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Archive for November 18th, 2009

DorobekInsider: Gov 2.0 moves beyond ‘social media’ — and why it’s more than semantics

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Social networking — it is a term that has increasingly grown to make me cringe. And it is more then just semantics.

Regular DorobekInsider readers and listeners to Federal News Radio 1500 AM’s Daily Debrief with Chris Dorobek and Amy Morris know it has been something of a campaign. In fact, I originally wrote about it back in September under the headline The era of social media is over – long live collaboration tools — and it is the subject of my column in AFCEA’s Signal magazine that will hit the streets on Dec. 1.

Last night, Web 2.0 guru Debbie Weil hosted a marvelous event titled Social Networking: the Two Dirtiest Words in Gov 2.0 (a Sweets and Tweets event) — the event was held at Baked & Wired in DC’s Georgetown, so we were surrounded by amazing cupcakes… and spirited yet very healthy debate. (David Harrity was kind enough to credit me with spurring the discussion, which is very kind. I actually credit Weil and Drapeau and the people in the room who were all interested in collaborating around this topic — in having a healthy debate.)

The main speaker was Mark Drapeau, who has an impressive bio — and an impressive following on Twitter. Drapeau is no stranger to listeners of Federal News Radio 1500 AM. He is one of a handful of government 2.0 thought leaders. And, as Drapeau acknowledged, he disagrees with me. (Drapeau and I disagree on things regularly — my guess is he does with many people — but he is also fascinated by a spirited debate on an issue and takes very little personally.  Additionally, he is unusually intelligent, which makes the debate even more refreshing.)

And I should say that Drapeau — and most of the people in the room — are interested in helping the government do its job better, and many of people there believe these tools offer real potential. The question at hand: Does the term “social media” and “social networking” help or hinder the cause of helping the government do its job better and more effectively.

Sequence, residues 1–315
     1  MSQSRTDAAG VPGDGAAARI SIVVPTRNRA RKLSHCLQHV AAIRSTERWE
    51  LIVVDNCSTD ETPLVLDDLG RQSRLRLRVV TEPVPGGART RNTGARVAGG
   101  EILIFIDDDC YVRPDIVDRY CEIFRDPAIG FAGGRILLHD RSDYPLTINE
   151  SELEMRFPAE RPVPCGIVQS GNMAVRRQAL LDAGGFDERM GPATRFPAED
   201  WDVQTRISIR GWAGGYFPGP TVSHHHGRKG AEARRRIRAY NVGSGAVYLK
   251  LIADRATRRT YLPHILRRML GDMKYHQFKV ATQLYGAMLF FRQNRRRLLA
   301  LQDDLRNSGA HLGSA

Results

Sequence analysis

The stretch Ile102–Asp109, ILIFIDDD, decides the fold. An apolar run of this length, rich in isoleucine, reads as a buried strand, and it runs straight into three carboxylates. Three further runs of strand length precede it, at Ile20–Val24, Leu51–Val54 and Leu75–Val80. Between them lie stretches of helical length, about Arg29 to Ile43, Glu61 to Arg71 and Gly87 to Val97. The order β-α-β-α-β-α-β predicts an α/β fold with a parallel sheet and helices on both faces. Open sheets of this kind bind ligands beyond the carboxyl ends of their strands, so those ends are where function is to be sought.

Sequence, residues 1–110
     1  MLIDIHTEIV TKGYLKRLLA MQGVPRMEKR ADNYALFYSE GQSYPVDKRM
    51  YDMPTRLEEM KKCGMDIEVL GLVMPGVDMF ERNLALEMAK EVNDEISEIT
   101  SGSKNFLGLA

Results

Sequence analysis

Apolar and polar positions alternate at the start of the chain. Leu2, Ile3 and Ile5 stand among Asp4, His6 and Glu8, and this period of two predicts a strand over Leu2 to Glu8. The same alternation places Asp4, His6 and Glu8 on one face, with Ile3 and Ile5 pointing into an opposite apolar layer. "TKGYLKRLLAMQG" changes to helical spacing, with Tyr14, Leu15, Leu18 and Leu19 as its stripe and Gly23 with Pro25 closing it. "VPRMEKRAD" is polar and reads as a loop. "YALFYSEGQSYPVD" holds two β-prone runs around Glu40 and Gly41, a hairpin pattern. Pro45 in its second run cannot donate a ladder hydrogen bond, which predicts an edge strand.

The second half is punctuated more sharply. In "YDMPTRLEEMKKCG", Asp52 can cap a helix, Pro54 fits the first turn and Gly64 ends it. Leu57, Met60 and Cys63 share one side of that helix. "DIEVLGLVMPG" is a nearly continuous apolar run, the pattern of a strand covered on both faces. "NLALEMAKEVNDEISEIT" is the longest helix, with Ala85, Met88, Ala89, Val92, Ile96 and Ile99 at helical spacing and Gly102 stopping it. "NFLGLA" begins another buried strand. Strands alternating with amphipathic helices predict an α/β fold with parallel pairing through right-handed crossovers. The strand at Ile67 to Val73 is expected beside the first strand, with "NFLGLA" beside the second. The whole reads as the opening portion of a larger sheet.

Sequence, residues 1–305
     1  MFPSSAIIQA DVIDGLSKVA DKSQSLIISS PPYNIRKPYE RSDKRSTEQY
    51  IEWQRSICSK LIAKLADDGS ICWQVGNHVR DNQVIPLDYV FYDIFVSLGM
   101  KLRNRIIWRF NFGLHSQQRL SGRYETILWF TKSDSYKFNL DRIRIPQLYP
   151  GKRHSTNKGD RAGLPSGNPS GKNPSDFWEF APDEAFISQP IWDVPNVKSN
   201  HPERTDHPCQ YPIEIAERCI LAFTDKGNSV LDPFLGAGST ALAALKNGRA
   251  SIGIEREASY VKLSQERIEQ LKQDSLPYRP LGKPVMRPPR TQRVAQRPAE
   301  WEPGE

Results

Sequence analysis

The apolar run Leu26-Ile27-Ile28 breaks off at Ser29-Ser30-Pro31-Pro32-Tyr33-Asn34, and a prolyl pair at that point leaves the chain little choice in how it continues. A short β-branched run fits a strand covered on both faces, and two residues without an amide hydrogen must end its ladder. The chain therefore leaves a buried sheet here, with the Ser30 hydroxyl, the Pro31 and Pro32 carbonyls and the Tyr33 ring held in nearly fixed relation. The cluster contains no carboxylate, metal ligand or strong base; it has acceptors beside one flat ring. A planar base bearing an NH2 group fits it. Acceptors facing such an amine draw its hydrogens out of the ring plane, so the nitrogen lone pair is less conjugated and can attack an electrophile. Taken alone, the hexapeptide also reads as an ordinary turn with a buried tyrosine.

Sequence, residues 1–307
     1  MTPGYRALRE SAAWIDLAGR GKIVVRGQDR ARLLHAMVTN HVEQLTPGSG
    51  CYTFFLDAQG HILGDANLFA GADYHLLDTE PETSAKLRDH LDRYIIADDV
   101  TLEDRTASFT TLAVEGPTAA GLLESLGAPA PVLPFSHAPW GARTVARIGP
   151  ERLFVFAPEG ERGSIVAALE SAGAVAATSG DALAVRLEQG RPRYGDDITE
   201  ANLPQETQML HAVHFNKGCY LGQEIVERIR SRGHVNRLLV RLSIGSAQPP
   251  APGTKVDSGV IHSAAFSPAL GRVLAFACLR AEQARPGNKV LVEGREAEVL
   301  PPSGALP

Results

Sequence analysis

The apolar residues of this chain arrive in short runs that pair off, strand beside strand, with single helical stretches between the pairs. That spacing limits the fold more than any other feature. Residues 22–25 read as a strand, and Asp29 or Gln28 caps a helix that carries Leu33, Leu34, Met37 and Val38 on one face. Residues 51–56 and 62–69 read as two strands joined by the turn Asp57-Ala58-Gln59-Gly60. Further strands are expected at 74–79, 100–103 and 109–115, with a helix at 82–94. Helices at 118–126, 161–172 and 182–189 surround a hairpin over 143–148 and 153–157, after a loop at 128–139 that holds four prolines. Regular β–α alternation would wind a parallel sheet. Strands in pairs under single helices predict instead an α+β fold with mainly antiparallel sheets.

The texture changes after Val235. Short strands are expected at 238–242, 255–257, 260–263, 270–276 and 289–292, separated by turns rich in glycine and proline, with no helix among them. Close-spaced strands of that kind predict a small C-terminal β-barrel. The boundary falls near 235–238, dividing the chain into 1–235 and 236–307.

Drapeau argued — and argues — that social networking is… well, social — and it is the socialness — the connections that people can make using these tools — and is empowering. In the end, these tools are much more then collaboration, he argues. It used to be about who you know, he says. Today, it’s about who knows you — and that, increasingly, the people who are the most connected are the most influential. And he argues that while social networking is… well, social, there is a lot of good and important work being done.

Further, he argued that these tools have connected him with many people he never would have met otherwise. But I would argue that comes from the sharing of information. That information sharing spurred collaboration. In work instances, the social aspects come later.

Both Drapeau and I agree that too often, people start with a tool or tactic. Instead, they need to have a goal in mind — what are you trying to accomplish, he said.

In many respects, Drapeau and I agree — but I continue to believe that the term “social networking” and “social media” are, in fact, detrimental. My co-anchor, Amy Morris, argues that my argument is largely about semantics. And, perhaps as a writer, I’m biased to believing that words are powerful and that they matter.

To me, the term social media is simply inaccurate. In the end, I don’t think that these tools are “media,” but beyond that, they aren’t really about being social.Socialness is the side benefit. Socialness is tantamount to the increased energy you get when you exercise — in the end, it isn’t the main purpose of exercise, but it sure is nice.

In the end, most organizations — and particularly agencies — aren’t interested in the social aspects of these tools. To the contrary, the social aspects hinder many organizations from using these tools, the same way it did with giving people e-mail addresses and putting the Internet oneverybody’s computer.

The fact is there isn’t a single agency that has the mission of being social. Even the Office of Personnel Management, the government’s HR organization, isn’t responsible forsocialness. For OPM — and for most organizations — these tools are a means to enable them to accomplish the mission more effectively and more efficiently.